You might consider yourself to be an owner of the Internet. Do you own a device that you use to connect to the Internet? If so, that means the device you own becomes part of the enormous inter-networked system. You are the proud owner of part of the Internet -- it's just a very small part.
If no one owns the Internet, who is responsible for making sure everything works? Find out in the next section.
The Internet's Caretakers
As mentioned earlier, the Internet works because of a system of rules called protocols. By following these protocols, computers can send information across the network to other computers. If there were no protocols, then there'd be no guarantee that the information sent from one computer could be understood by another, or that it'd even reach the right destination.
As the Internet evolves, these protocols must also change. That means someone has to be in charge of the rules. There are several organizations that oversee the Internet's infrastructure and protocols. They are:
- The Internet Society: A nonprofit organization that develops Internet standards, policies and education.
- The Internet Engineering Task Force (IETF): An international organization with an open membership policy that has several working groups. Each working group concentrates on a specific topic, such as Internet security. Collectively, these working groups try to maintain the Internet's architecture and stability.
- The Internet Architecture Board (IAB): An IETF committee, the IAB's mission is to oversee the design of Internet protocols and standards.
- The Internet Corporation for Assigned Names and Numbers (ICANN): A private nonprofit corporation, ICANN manages the Internet's Domain Name System (DNS). ICANN is responsible for making sure that every domain name links to the correct IP address.
The Internet Society and IETF are open membership organizations. Both welcome the participation and input of Internet experts. They shape the way the Internet works and evolves.
ICANN, on the other hand, is a private organization. The exclusive nature of ICANN concerns some people. They argue that ICANN holds a lot of power over anyone who wants to register a domain name. ICANN makes money by accrediting vendors called registrars. These registrars then sell domain names to consumers and businesses. If you want to register a specific domain name, ultimately ICANN decides if you can have it.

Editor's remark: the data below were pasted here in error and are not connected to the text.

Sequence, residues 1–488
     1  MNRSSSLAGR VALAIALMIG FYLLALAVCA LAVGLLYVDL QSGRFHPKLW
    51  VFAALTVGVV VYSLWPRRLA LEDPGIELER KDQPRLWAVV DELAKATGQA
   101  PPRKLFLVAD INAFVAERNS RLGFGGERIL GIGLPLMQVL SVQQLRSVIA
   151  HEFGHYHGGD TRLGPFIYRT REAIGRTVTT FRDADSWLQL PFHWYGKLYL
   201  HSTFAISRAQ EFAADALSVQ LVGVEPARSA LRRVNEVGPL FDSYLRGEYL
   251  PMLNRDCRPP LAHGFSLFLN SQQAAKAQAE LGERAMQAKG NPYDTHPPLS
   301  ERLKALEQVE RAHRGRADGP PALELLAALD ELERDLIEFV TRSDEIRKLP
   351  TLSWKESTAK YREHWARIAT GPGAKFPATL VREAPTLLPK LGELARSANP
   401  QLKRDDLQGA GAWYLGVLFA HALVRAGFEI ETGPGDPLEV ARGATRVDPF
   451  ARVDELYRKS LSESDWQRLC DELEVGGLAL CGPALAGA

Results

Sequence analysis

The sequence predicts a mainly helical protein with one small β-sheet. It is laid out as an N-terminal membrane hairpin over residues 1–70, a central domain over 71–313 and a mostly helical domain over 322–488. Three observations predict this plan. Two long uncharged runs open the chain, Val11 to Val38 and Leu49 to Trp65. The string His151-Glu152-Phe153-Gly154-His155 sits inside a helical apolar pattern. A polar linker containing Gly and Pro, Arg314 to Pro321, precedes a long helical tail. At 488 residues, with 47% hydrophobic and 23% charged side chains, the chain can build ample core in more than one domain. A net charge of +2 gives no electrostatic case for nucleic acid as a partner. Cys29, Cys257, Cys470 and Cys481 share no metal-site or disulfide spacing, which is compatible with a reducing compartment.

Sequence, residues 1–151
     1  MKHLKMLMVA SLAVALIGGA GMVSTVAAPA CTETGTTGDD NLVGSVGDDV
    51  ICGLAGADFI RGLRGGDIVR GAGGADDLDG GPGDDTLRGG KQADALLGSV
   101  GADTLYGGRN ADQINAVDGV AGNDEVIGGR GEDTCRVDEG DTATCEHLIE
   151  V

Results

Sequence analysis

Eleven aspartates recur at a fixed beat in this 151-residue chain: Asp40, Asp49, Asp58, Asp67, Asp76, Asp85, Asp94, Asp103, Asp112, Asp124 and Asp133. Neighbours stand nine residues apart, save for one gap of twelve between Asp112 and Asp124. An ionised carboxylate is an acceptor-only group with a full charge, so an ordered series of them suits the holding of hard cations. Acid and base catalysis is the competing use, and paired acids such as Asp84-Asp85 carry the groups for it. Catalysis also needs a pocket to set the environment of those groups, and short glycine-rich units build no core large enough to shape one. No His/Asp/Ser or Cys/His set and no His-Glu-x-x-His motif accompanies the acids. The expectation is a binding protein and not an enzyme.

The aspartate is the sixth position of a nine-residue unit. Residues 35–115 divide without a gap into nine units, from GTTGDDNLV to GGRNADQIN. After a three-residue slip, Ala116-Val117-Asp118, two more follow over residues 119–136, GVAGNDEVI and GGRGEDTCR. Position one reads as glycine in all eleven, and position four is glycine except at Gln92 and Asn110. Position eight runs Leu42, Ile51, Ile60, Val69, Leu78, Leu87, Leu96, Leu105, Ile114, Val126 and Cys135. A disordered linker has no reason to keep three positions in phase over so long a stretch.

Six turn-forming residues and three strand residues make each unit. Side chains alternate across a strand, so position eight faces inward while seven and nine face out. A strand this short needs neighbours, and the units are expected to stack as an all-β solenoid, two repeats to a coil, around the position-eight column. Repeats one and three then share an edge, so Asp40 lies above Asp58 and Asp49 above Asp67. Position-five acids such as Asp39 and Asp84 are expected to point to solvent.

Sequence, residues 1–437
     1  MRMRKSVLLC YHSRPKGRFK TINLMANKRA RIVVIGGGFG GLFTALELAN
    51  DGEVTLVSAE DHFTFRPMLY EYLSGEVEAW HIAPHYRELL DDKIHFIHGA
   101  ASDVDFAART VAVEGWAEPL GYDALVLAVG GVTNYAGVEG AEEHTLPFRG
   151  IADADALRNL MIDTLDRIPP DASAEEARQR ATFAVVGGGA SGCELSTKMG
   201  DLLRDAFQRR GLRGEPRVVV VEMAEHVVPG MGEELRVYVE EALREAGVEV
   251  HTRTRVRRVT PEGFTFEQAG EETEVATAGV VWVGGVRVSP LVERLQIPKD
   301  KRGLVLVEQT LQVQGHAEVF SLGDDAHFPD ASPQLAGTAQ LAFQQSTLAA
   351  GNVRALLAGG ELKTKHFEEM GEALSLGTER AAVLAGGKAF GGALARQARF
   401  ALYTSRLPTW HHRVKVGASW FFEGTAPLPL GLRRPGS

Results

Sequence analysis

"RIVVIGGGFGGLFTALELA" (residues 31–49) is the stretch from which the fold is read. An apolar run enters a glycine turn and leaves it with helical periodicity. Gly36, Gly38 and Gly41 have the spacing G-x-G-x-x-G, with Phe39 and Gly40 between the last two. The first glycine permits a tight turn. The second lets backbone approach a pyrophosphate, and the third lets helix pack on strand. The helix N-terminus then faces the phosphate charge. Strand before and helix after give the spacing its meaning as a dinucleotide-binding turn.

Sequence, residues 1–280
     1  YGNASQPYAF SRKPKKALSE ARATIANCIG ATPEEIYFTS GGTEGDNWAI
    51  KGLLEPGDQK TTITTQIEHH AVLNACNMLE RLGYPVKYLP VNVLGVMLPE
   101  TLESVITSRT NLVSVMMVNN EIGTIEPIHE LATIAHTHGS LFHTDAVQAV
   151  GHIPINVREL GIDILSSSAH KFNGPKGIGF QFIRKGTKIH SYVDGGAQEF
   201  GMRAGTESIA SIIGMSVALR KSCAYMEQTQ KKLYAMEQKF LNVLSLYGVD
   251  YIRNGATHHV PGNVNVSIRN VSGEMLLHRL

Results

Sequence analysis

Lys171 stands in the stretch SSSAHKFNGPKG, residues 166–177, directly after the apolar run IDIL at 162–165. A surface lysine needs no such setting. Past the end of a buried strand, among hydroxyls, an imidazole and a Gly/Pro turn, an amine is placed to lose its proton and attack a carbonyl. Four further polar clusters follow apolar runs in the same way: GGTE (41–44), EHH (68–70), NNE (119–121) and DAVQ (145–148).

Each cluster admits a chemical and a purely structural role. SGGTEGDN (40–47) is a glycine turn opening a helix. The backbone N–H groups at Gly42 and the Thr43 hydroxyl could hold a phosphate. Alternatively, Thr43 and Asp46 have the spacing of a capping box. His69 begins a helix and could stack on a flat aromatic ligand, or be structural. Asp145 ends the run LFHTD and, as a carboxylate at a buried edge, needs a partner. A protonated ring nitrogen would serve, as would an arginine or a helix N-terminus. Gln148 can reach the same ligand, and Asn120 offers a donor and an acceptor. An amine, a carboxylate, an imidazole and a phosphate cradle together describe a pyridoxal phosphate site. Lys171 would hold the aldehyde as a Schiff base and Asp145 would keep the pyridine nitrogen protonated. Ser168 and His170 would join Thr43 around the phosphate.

While none of these organizations own the Internet, they each influence how the Internet works. The Internet has no central owner. While its structure remains carefully designed and maintained, the actual content on the Internet continues to be the untamed cyberspace we all know and love.
To learn more about the Internet and other topics, follow the links on the next page.
People around the world have access to the Internet, but not everyone speaks English. Learn why web addresses are in English at HowStuffWorks.
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More Great Links
- "A Technical History of the ARPANET." THINK project, The University of Texas at Austin. http://www.cs.utexas.edu/users/chris/nph/ARPANET/ScottR/arpanet/timeline.htm
- ICANN Watch http://www.icannwatch.org/
- The Internet Architecture Board http://www.iab.org/
- The Internet Corporation for Assigned Names and Numbers http://www.icann.org/
- The Internet Engineering Task Force http://www.ietf.org/
- Lessig, Lawrence. "The Internet Under Siege." Foreign Policy. November/December 2001. http://lessig.org/blog/ForeignPolicy.pdf
- Swanson, Tim. "Who owns the Internet?" Ludwig von Mises Institute. May 4, 2006. http://www.mises.org/story/2139
- "Who owns the Internet and who is in charge?" World-Information.org. http://world-information.org/wio/infostructure/100437611791/100438658447
- Worthen, Ben. "Who owns the Internet?" CIO. March 17, 2006. http://advice.cio.com/node/209